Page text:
- Harvard ends Quinnipiac men’s ice hockey season in Lake Placid
- Quinnipiac women’s basketball prepares for NCAA Tournament
- Chronicle Sports Staff makes March Madness picks
- Multicultural Suite to open in Student Center
- Assistant director of OFSL to resign on March 10
- GSA hosts peaceful protest for transgender rights
- Sherman Ave building to be new QU theater
- Spreading the Word to End the Word
- Tom Moore fired as men’s basketball head coach after 10 seasons
North Haven native cut from remaining ‘Runway’ designers
He may have not made the cut on Bravo’s reality hit “Project Runway,” but North Haven native Emmett McCarthy is certainly proving he knows how to work it, both on the runway and off. The New York City-based designer, whose family–including his brother, a QU alum–still live in the area, chatted with The Chronicle following his departure from the show during the season’s seventh episode, about all things “Runway.”
Now in its second season, the weekly Emmy-nominated Bravo reality series brings together 16 of the country’s most innovative designers to compete for $100,000 to start their own clothing line, a fashion spread in ELLE magazine, and a mentorship at Banana Republic. The designers compete in weekly challenges under the watchful eye of Tim Gunn, chair of the Department of Fashion Design at Parsons The New School For Design, producing garments that are judged on the runway by supermodel Heidi Klum, designer Michael Kors, and ELLE magazine fashion director Nina Garcia.
For menswear designer McCarthy, who had never seen the show, the casting process happened swiftly, and took a bit of prompting.
“I was at my office and my friend called me up and said she was reading on the Internet about auditions for “Project Runway.” She said ‘I wouldn’t send anybody other than you on this audition, because you make decisions really quickly, you make really good TV. I think you should do it,'” McCarthy remembers, adding that having second thoughts was not an option, as filming began two weeks after his first audition.
Many reality show contestants eager to take part in a series spend time studying up on their favorite show, but McCarthy believes that if he had seen a “Runway” episode, he would have never auditioned.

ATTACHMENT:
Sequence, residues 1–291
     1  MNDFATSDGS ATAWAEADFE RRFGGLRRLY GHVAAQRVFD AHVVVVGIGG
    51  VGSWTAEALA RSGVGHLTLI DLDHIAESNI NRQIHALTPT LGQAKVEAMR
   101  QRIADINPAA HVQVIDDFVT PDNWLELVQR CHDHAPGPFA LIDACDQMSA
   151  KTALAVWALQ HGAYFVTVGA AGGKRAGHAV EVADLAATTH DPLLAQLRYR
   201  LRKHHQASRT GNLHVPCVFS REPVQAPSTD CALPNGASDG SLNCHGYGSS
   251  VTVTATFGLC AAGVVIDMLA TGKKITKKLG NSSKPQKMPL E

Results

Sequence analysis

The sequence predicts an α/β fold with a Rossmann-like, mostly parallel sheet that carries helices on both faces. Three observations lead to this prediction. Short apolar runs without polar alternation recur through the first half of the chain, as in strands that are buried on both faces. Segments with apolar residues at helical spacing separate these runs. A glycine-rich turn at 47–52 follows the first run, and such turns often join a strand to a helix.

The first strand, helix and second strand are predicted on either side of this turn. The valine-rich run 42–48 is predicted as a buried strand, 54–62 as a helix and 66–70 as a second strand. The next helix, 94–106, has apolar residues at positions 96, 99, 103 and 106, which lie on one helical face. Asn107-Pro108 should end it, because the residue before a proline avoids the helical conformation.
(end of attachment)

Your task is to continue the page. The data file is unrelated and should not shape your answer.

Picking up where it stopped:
Bunking with the other design candidates in Manhattan’s posh Atlas studio apartments, McCarthy explains that between field trips to select fabrics and the tight deadlines imposed to complete garments, there wasn’t much time left for sleep. “(We worked) 20 hour days,” he says. “(The cameras) were in your face every single waking moment.”
During his stint on the show, McCarthy was able to produce a series of garments including a dress for socialite Nicky Hilton, a lingerie collection, and most recently, an ice skating outfit for Olympic figure skater Sasha Cohen, which was showcased on his last episode.
Asked to select a favorite garment, McCarthy says he was pleased with his design for Mattel’s MyScene Barbie in the show’s third episode, and also liked the intricacies of his first garment, a pastel pink knee-length dress. “I liked the cutouts,” the designer says of his initial creation. “I had a little more time to think about it. I like the idea of thinking about my designs.”
Even though his run on the series has ended, McCarthy continues his design work and celebrated the grand opening of his own shop this week. The new venture is something the designer has always considered, but due to his exposure on the show, his plan was finally put into action. His EMC2 boutique, in New York’s Nolita neighborhood, currently offers cashmere coats and a selection of dresses, with a spring collection expected to arrive in mid-February.
For his family in Hamden and North Haven, seeing McCarthy on the series was a proud moment, even if his elimination came earlier than anticipated. “They were really proud to have a hometown boy on TV,” McCarthy said. “They were very proud that I came across as who I am, that through the editing process, you really get a sense of who I am as a person and a designer.”